Freeman et al. studied various designs based on braided, twisted, and braided-twisted fibers [37]. Comparable to the braided-braid design of the PCL braids, the scaffold was produced in two stages. Freeman’s study showed a significant influence on the modulus as well as the toe region due to the twisting of the fibers and subsequent braiding. Concerning the PCL multilayer braids, there was no significant difference in load at failure, stiffness and elongation at break due to the braiding of the pre-braids. Whether there is a change in the proportion of the toe region requires further investigations. Currently, surgical cruciate ligament replacement uses a drilled tunnel in the bone of 7–9 mm, corresponding to a cross-sectional area of 38.49–63.62 mm2 [82]. The human ACL was reported to have a cross-sectional area of 57.5 ± 16.2 mm2 [33,62]. Comparing the mechanically up-scaled scaffolds with these dimensions, each presented braided scaffold of design Sandwich A can be used with the existing surgical method.

5. Conclusions

PCL fibers were produced via melt spinning. The influence of the draw ratio on the mechanical properties and the macromolecular orientation as well as the crystallinity of the fibers were investigated. In course of this, highly oriented PCL monofilaments were fabricated, with a strength of up to 69 cN/tex. Moreover, PCL fibers in four different morphologies (round/snowflake-shaped as monofilaments/multifilaments) were fabricated using respective spinnerets. During a 24-week exposure to PBS at 37 °C, snowflake-shaped fibers exhibited a slightly faster strength loss compared with their round counterparts but—since multifilaments did not show an accelerated strength loss in comparison with monofilaments—this cannot be attributed to the surface area itself. All fibers showed high strength retention as well as the maintenance of elongation at break as opposed to potential embrittlement. Round monofilaments were further processed into three-layered circular braids. The effect of layer design on the mechanical properties of the braids was analyzed. It became apparent that the breaking load of all textile scaffolds was significantly lower than the sum of the individual fibers’ breaking load. The standard deviations also decreased significantly from fiber to textile, indicating that the load was evenly distributed throughout the textile, leading to highly reproducible results for the scaffolds. Three braided structures consisting of the same number of filaments and produced with a uniform braiding angle of 13° were compared. In terms of the load at failure, no significant difference was observed. The layer design itself appeared not to be of tremendous importance regarding the load of failure.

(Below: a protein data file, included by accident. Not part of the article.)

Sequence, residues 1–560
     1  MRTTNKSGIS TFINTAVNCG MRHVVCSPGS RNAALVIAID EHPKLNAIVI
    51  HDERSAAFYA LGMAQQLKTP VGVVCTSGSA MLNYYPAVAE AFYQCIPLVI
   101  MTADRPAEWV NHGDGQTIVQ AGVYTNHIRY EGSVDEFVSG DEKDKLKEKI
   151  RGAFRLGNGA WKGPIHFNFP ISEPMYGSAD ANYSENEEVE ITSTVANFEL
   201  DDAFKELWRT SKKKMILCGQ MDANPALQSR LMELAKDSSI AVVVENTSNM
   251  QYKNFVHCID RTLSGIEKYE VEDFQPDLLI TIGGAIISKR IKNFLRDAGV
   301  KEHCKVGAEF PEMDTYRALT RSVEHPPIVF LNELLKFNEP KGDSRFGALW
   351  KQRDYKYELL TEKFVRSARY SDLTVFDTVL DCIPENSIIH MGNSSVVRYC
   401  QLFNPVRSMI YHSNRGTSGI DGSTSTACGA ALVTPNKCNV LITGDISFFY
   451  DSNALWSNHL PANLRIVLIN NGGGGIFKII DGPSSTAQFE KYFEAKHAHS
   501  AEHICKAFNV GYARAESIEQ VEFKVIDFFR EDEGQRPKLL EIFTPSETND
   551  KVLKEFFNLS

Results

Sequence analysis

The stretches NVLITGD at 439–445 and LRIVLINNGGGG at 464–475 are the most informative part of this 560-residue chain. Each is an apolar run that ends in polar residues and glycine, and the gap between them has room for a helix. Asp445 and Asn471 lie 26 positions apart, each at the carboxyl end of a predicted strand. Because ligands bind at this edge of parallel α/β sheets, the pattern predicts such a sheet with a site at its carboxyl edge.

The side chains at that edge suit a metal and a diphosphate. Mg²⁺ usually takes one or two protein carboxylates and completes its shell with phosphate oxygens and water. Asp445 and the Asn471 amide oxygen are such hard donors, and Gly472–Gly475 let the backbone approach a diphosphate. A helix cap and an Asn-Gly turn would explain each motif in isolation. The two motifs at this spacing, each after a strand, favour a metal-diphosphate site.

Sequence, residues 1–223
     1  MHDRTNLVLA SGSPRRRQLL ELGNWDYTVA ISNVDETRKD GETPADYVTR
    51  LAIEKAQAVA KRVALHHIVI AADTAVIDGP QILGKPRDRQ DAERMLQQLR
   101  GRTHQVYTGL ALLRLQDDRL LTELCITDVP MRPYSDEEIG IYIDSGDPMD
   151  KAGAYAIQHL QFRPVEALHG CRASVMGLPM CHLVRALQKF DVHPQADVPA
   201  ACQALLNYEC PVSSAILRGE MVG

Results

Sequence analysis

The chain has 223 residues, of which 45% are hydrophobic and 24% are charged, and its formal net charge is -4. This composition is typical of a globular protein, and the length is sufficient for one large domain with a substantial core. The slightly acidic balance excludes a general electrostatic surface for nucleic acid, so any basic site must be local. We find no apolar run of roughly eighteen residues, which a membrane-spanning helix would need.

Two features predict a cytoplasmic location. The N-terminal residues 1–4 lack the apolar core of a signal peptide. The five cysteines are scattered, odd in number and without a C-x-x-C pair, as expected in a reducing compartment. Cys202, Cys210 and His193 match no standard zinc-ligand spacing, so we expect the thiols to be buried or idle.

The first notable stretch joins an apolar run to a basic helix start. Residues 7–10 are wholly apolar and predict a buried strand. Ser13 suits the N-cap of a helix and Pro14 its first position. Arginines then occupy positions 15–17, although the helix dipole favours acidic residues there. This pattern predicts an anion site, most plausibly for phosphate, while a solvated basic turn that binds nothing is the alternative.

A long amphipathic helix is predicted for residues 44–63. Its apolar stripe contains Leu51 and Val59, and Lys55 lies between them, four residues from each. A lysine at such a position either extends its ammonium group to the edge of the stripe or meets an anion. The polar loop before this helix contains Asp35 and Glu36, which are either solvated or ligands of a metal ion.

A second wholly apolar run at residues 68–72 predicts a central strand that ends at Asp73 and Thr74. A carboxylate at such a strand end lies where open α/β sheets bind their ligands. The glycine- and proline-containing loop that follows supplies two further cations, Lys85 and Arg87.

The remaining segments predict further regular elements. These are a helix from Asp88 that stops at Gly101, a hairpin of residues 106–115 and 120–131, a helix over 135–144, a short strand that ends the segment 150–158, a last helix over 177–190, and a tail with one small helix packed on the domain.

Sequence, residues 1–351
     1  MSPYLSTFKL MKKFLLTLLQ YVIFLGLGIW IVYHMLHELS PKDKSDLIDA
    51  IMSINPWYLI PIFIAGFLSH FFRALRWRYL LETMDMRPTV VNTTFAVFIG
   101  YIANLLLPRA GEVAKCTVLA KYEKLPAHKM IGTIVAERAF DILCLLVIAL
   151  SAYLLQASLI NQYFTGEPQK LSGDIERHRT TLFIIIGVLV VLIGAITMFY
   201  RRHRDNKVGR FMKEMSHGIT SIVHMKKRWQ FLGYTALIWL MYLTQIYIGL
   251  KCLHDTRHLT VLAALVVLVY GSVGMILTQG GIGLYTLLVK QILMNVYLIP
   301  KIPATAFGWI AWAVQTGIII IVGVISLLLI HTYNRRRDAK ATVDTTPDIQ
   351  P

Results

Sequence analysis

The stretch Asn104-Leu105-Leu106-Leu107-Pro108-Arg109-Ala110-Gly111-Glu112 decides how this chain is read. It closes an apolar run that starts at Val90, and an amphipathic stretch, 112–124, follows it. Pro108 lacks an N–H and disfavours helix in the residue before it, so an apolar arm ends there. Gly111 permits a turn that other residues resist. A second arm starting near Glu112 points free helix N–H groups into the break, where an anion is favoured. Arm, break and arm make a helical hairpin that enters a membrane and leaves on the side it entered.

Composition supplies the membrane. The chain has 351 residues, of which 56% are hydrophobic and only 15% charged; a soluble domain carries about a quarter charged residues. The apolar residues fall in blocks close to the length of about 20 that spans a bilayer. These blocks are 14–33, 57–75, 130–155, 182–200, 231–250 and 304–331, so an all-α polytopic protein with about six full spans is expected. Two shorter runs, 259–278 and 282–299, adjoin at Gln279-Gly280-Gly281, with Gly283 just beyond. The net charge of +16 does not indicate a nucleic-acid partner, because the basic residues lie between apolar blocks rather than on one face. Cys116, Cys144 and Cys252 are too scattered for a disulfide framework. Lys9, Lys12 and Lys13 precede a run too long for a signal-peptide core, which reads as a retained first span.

In a second step, the braided structure (Sandwich A) was up-scaled to investigate whether the necessary primary stability of a human ACL could be achieved with PCL fibers. In the meantime, braids consisting of 96, 192, 288 and 384 monofilaments have been compared, resulting in a load at failure of 893.1 N (±3 N), 2067.38 N (±32 N), 3191.03 (±60 N) and 4353.88 N (±37.3 N), respectively. The nearly linear relation between the number of fibers and the load at failure allows for great scalability of the braided PCL scaffold to match the necessary primary stability of different tissues as well as to account for individual aspects. With the general suitability in terms of primary stability and processability given, future studies will focus on biologization and long-term stability-related aspects as well as application-specific testing.